Introduction: There is an on-going discussion on quality of cardiopulmonary resuscitation (CPR) as related to guideline target values for chest compression depth. Deeper compression depth is generally understood to be more effective. Interestingly, the American Heart Association (AHA) guideline requests a compression depth of “at least 5cm” whereas the European Resuscitation Council (ERC) guideline requests “at least 5 cm, but not to exceed 6 cm”. It is unknown which recommendation is more effective to achieve a correct compression depth. This study attempted to determine the difference in chest compression depth by instruction.
Methods: In total, 220 volunteers—110 professional rescuers and 110 lay-rescuers—were randomly assigned to 4 groups in a 1:1 ratio (55 volunteers per group). Participants were randomized to either estimate and compress “at least 5cm” (AHA) or to estimate and compress “at least 5cm, but no more than 6cm” (ERC). Estimation was to be done on a paper (horizontal axis, estimation of end) and chest compressions on a standard resuscitation manikin. Outcome was defined as the percentage of correct estimation of a distance on a horizontal axis and correct compression depth and analysed with a Mann-Whitney-U-Test.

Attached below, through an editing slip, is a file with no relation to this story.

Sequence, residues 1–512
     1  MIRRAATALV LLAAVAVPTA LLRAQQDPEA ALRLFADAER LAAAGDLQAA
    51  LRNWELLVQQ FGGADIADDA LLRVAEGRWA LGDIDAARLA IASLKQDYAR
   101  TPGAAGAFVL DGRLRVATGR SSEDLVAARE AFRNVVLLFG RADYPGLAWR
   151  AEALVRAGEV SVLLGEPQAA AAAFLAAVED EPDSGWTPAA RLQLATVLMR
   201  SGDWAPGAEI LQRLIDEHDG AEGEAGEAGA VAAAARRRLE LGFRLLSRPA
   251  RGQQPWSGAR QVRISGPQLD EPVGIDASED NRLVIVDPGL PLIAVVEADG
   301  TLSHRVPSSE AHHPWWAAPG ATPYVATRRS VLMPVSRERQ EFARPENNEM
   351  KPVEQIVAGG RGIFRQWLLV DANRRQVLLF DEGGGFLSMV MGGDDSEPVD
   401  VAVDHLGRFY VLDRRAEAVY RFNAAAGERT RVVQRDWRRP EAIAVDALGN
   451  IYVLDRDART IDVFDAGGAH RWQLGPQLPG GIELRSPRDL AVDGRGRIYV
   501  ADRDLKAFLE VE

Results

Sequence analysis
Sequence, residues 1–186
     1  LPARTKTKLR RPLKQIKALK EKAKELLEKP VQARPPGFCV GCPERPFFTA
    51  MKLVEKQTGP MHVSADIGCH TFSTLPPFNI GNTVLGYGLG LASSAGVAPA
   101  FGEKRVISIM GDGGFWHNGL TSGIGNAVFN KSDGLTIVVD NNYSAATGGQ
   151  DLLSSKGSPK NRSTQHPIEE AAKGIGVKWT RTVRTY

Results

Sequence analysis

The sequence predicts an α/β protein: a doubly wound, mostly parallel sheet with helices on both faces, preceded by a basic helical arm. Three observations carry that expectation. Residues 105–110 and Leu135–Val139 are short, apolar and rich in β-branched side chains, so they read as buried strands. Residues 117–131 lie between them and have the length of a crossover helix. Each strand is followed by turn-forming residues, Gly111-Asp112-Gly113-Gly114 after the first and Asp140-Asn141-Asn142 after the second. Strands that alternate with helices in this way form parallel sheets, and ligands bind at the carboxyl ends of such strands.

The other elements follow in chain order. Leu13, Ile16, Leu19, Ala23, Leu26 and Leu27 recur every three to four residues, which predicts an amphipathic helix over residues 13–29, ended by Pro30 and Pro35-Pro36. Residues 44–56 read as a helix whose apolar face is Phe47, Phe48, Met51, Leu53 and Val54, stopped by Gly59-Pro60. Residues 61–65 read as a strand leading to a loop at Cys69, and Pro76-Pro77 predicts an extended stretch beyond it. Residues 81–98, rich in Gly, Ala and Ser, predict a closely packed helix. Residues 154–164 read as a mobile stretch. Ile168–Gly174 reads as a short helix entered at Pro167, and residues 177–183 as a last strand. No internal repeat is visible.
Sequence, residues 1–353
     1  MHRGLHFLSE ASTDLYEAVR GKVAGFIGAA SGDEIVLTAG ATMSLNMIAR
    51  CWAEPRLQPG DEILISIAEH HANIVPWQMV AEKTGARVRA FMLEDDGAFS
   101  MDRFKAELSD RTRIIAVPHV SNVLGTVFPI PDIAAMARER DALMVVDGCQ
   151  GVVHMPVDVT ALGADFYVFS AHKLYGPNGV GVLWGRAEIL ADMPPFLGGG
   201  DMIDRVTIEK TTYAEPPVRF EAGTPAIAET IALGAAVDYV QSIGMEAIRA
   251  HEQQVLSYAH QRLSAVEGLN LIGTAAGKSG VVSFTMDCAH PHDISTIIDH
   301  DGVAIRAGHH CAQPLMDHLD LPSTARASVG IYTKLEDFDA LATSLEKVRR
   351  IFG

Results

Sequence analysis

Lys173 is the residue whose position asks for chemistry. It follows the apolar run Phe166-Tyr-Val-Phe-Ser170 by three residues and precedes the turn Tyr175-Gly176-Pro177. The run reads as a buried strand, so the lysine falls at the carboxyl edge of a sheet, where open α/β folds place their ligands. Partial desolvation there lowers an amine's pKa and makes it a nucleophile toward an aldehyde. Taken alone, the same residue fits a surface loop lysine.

Results: The results differed between professional rescuer and lay rescuer volunteer groups. Professional Rescuers: On a horizontal axis, 20 (36.3%) participants estimated the given distance “>5cm” correctly versus 19 (34.5%) in the “5-6cm” (p=0.84). The mean compression depth estimation on the manikin was 54±10 mm in the ”>5cm” group versus 53±9 mm in the “5-6cm” group (p=0.61). In the “>5cm” group 39 (70.9%) professional rescuers estimated compression depth correctly on the manikin versus 36 (65.4%) in the “5-6cm” group (p=0.97). In the “5-6cm” group 16 (29.1%) professional rescuers underestimated, 4 (7.3%) overestimated the given target range. Lay-rescuers: On a horizontal axis, 18 (32.7%) lay-rescuers in the “>5cm” group correctly estimated the given distance versus 20 (36.4%) in the “5-6cm” group (p=0.59). The mean compression depth estimation on the manikin in the “>5cm” group was 52±10 mm versus 49±12 mm in the “5-6cm” group (p=0.09). In the “>5cm” group 39 (70.9%) of the lay-rescuers estimated compression depth correctly on the manikin versus 26 (47.3%) in the “56cm” group (p=0.02). In the “5-6cm” group, 26 (47.3%) lay-rescuers underestimated, 3 (5.4%) overestimated the given target range.
Conclusion: Our study indicates that estimation on a drawn horizontal line is not representative for correct compression depth estimation on a manikin. Furthermore, our study indicates that professional rescuers are aware of correct compression depth regardless of instruction; underestimation of chest compression depth is mainly a problem of lay-rescuers. The main finding is that for lay-rescuers, providing a maximum depth instruction appears to hinder the achievement of correct compression depth.